Wednesday, 3 March 2021

What if they threw a party ...

... and nobody came?

Which, in the competition space, is where we've got to, with our attempt to make it easier for companies to collaborate to deal with problems like Covid disruption to supply chains. We set things up to make it easier and faster for the Commerce Commission to authorise collaboration - but nobody's used the new dispensation.

Here's the background. The COVID-19 Response (Further Management Measures) Legislation Act 2020 went live mid May of last year. Its heart was in the right place. During an 'epidemic period', a new s65AD of the Commerce Act allows the Commission to issue a provisional authorisation. ss65AD(2) and (3) are the key bits:

(2) The Commission may make a determination in writing granting a provisional authorisation ... if the Commission considers it is appropriate to do so—

(a) for the purpose of enabling due consideration to be given to the application; or

(b) for any other reason.

(3) The Commission is not required to comply with section 61(5) to (6A) before granting a provisional authorisation

(3) means that the Commission doesn't have to hang about and be "satisfied" - the test in normal times, under s61(6) - that the collaboration would provide "a benefit to the public which would outweigh the lessening in competition that would result". It can just say, get on with it for now and we'll do a fuller analysis later. Right on.

As fellow aficionados of New Zealand's mania for micromanagement will appreciate, you don't see the wide discretion of "for any other reason" written into the Kiwi statute books too often. In fact it's a straight crib from the Aussie equivalent (for wonks, s91(2)c of their Competition and Consumer Act). The ACCC has been able to do "interim" authorisations all along, Covid or no Covid, and you'd think that's a sensible plan.

Oddly, our own Commission used to have the power to issue provisional authorisations under the then s63 of the Commerce Act, but that got repealed by s22 of the Commerce Amendment Act 1990. Go figure.

Never mind, here we are today, back to the original status quo, even if it only applies in epidemic periods. Given that in normal times getting an authorisation strongly resembles wading through hip-high tar for months carrying a complete bound set of Econometrica, something cheap, cheerful and, above all, fast, was just what was needed to enable urgent collaboration in the public interest.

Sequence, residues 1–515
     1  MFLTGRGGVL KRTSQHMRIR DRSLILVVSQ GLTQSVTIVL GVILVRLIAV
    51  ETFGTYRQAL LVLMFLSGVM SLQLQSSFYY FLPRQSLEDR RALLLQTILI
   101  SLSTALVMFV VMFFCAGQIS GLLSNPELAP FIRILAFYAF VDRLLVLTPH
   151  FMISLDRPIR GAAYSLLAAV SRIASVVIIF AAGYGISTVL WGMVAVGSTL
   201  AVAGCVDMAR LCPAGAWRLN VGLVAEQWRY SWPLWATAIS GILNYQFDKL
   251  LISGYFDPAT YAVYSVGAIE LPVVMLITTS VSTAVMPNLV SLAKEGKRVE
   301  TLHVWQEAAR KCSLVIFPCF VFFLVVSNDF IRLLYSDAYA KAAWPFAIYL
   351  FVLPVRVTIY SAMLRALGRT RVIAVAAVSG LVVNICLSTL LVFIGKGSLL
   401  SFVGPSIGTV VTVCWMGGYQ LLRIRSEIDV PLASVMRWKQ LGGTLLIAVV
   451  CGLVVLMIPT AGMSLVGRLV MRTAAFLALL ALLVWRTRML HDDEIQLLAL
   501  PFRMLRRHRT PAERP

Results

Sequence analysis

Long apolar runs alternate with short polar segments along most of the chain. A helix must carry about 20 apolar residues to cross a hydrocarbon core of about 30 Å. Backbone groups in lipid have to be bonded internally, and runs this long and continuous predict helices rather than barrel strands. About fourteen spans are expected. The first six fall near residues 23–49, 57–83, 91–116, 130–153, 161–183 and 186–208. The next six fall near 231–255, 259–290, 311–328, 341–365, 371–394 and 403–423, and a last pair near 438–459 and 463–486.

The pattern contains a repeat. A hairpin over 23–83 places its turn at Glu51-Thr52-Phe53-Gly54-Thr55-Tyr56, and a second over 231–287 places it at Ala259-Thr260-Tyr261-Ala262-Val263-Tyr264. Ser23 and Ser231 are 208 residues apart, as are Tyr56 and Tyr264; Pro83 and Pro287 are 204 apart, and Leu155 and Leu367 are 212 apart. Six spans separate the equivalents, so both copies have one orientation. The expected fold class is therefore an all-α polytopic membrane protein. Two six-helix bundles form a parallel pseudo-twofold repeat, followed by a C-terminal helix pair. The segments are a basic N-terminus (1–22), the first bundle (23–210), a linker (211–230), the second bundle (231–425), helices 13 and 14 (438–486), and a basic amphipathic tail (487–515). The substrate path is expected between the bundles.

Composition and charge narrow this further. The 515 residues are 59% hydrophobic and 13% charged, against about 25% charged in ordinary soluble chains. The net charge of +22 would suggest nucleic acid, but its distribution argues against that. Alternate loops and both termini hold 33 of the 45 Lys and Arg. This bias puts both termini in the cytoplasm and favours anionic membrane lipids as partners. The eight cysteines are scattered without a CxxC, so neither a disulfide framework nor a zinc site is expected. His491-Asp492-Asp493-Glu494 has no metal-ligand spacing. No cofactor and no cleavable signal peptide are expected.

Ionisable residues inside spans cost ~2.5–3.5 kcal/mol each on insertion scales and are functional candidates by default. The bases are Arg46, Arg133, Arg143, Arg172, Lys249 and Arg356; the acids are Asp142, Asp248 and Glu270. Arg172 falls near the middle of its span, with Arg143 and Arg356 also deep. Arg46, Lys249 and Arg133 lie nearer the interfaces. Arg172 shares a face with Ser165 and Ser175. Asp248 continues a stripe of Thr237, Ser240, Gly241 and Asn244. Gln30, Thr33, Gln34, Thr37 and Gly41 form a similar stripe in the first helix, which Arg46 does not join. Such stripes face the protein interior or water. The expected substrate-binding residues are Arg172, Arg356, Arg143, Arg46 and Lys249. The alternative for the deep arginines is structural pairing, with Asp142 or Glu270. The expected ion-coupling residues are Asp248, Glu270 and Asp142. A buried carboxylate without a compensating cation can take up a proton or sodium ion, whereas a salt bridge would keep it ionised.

But nobody's used the new process. There have been no applications for authorisation under the new provisions.

Which is odd, because over in Oz, the ACCC has been issuing interim authorisations all over the place: public and private hospitals, medical wholesalers, grocery retailers, banks, regional airlines, and fuel importers and distributors. It's been commendably quick - overnight, on one occasion - in turning the applications around, and it's been putting pro-competitive safeguards such as time limits into them without nobbling the public welfare point of it all. 

What sort of stuff is being authorised? For the supermarkets, as an example, it was things like jointly addressing panic buying: "co-ordinating store hours, including allocating dedicated shopping hours for  elderly and disadvantaged members of the public during periods of high demand for Retail Products", "implementing uniform or similar purchase limits and related public messaging", and "measures to ensure continuity of supply to consumers in remote or regional areas, including securing special allocations of stock and joint requests to suppliers", as you can read in this draft determination.

Sure, Australia and New Zealand each have their own funny little ways, and there's no reason why we should do everything the same way. But I'm still bemused why helpful interim authorisations are flying off the ACCC shelves, while nobody's come into the Commerce Commission looking for one. Anyone got ideas?

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